Over the years, the photographer has developed an approach that combines a photojournalistic flair for event coverage with beautiful, naturalistic stylization. For her, each wedding is the opportunity to tell a story, and she enjoys hunting down the necessary elements throughout the day, and linking images to compose a narrative.

“I feel like everyone is using the term ‘storyteller’ these days, but I’m gonna stick to it, because I do think that’s my strength,” Bohane said. “The first time couples see their images from me is on a slideshow, and I think it’s got a really good rhythm to it, and that’s where my work looks the best.”

As the day progresses from bridal preparation, to ceremony, to reception, the photographer operates in a fairly unobtrusive fashion, allowing the event to play out naturally, capturing authentic displays of emotion as they occur. The only time she gives direction is when it’s time for the wedding portraits, and even then it’s simply advice to help the couple feel comfortable and relaxed in front of the camera.

“What I ideally want is for them to look like them, to create a really natural element between them.”

Shooting with the Canon 5D Mark III, she generally brings a 35mm and 50mm lens with her, but will often swap in a 24mm or 85mm as well, depending on the environment. Planning portrait shoots around the light is important, and Bohane likes to shoot her wedding couples in the soft natural light of sundown when possible. But she’s equally aware of the importance of being patient with the couple on their big day, trying not to rush them away from their guests, and offering as much support as possible.

“Being married myself and going through that whole process of planning a wedding, I understand that there are so many people who put stresses on you. Like mothers, aunties, other people that feel they can place their opinion on things … especially if parents are paying for everything.”

For the wedding shoot to really come together, it is important for Bohane to establish a two-way flow of trust and respect between herself and the couple. It’s something that plays out on the wedding day, but has to be developed from the moment the photographer is booked, which can be up to 15 months in advance.

She takes the responsibility of being involved in such an important, personal day very seriously, and likes to be as involved in the couple’s world as possible. Because it is such a long and involved process, she takes special care to work with couples she knows she will get along well with.

“I don’t always meet couples before they book me, but I’m pretty good at weeding out the bridezilla. I can even tell in emails. But if I’m unsure I’ll actually send out questionnaires to people, just to get a better idea of who they are.”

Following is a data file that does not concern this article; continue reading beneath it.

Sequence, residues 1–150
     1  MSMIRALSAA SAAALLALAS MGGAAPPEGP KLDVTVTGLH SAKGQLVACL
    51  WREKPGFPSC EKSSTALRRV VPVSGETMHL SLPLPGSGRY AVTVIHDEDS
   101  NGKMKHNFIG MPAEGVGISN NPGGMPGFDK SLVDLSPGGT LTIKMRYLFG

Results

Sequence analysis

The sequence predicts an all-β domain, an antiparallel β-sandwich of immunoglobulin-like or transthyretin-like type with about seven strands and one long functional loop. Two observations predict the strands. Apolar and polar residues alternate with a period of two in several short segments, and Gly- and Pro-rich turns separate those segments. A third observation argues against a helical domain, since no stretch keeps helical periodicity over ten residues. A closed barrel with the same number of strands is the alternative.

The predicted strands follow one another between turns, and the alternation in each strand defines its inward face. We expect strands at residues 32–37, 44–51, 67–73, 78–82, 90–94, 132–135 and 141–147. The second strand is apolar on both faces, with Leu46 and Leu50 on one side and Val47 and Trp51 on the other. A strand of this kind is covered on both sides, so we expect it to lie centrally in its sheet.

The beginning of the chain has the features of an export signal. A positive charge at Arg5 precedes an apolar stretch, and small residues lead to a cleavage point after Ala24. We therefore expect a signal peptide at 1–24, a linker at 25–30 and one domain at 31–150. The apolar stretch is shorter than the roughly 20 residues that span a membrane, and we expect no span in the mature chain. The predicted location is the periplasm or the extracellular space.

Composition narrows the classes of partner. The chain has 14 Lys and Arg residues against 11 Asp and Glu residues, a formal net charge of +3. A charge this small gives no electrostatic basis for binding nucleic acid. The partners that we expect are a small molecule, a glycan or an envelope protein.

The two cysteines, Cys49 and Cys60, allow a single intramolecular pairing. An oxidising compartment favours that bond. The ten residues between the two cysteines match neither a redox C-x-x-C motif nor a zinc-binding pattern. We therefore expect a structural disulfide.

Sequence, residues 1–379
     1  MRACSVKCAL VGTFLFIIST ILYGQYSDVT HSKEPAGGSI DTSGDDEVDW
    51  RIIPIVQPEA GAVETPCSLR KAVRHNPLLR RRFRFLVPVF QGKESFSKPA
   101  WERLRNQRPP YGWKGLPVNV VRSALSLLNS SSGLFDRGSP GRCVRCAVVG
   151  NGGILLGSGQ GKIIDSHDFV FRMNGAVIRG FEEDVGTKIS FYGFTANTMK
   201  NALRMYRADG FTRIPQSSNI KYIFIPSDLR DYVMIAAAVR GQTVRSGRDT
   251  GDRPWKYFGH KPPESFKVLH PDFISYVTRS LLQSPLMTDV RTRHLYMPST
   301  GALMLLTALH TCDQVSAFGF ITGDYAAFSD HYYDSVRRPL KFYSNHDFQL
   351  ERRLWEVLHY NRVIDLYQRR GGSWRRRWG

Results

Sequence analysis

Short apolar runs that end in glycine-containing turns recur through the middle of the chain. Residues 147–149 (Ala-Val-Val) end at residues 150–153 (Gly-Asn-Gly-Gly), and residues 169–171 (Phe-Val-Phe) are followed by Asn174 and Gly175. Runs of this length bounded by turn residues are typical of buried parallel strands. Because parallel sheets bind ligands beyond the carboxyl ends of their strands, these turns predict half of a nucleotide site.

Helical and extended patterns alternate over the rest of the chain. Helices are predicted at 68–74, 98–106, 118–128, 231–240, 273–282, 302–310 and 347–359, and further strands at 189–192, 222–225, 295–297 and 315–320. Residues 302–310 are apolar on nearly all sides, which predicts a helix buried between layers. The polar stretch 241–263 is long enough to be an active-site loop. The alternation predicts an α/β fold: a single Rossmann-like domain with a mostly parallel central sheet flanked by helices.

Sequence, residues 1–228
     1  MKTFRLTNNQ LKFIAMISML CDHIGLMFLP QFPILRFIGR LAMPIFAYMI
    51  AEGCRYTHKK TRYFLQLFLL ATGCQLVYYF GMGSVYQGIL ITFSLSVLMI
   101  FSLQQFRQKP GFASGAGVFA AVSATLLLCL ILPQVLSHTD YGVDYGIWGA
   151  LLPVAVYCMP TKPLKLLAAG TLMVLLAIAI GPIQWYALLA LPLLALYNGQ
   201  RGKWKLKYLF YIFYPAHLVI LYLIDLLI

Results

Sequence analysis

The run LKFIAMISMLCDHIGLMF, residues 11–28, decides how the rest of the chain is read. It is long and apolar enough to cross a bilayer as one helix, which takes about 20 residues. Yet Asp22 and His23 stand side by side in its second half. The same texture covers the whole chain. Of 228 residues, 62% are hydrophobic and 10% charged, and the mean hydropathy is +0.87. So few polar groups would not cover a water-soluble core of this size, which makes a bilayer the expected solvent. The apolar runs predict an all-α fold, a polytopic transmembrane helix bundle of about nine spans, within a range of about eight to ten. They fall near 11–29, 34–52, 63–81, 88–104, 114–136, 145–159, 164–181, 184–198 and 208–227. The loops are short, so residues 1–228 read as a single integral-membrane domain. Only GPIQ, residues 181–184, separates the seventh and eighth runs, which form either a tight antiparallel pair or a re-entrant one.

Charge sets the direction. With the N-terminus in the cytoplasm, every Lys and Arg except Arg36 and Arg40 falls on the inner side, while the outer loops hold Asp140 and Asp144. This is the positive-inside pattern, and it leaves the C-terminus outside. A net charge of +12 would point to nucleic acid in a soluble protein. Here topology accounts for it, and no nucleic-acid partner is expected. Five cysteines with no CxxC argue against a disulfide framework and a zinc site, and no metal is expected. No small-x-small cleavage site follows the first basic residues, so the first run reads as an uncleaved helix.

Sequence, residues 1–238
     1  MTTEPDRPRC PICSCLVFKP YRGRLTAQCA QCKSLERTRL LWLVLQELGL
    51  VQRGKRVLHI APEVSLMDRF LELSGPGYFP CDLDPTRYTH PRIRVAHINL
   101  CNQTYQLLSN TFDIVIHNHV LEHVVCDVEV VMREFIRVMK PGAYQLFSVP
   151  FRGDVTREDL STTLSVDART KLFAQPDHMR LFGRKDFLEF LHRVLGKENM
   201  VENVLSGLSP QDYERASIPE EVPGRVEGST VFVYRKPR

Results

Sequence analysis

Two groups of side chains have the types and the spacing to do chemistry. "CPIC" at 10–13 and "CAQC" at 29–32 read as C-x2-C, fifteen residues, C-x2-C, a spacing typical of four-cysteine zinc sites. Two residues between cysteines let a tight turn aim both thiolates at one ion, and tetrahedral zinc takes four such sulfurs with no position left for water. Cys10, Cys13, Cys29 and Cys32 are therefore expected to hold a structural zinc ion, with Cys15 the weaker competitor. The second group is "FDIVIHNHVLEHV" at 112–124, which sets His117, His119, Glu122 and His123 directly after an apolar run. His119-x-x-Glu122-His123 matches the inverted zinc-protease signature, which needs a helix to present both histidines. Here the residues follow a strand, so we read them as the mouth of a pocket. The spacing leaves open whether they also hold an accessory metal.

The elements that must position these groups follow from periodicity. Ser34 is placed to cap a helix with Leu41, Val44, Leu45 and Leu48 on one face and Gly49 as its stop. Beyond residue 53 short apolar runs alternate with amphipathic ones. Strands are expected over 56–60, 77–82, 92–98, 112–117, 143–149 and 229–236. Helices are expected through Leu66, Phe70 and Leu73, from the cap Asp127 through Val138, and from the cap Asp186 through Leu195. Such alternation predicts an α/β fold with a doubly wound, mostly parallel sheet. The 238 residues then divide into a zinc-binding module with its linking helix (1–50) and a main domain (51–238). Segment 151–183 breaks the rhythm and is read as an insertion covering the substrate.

With a strong and distinctive aesthetic, the photographer tends to be sought out by couples who are well aware of the sort of imagery she likes to produce, and want something akin to it for their own day. While she is very willing to entertain most requests, Bohane does have a few rules she won’t bend on, such as no jumping shots, for instance. And she once had to politely decline a request from a groom to reproduce the ‘bridal party chased by a photoshopped dinosaur’ image that was doing the rounds on the internet a few years ago.

Melding a breezily sophisticated art style with tremendous amounts of care and compassion for her couples, the photographer’s brand continues to spread rapidly, both by word of mouth, and via her significant online presence. A striking web portfolio is flanked by savvy social media management, from which much of her international work is generated. Going well beyond the standard business Facebook page, Bohane also operates a slick Instagram feed that has landed her a lot of bookings, and is now cultivating her presence on Snapchat, primarily for behind-the-scenes peeks.

“With Snapchat, I’ve chosen for it to be a place where they see a little more of my personal life. It’s more relaxed, it’s not perfect, and that’s what’s enjoyable about it.”

Having her finger on the marketing trends is clearly paying off, as it’s affording ample opportunity to spread her wings well beyond these shores, and explore some of the most beautiful spots in the world while she’s at it.

Bohane counts the majestic Jaisalmer wedding as the crowning achievement of her adventurous career to date. “It couldn’t get any more magical,” she said emphatically — but with her ambitious new travel-centric business strategy in place, if the busy photographer never tops the India experience, it certainly won’t be for lack of trying.

Article originally appeared in D-Photo 73 August-September 2016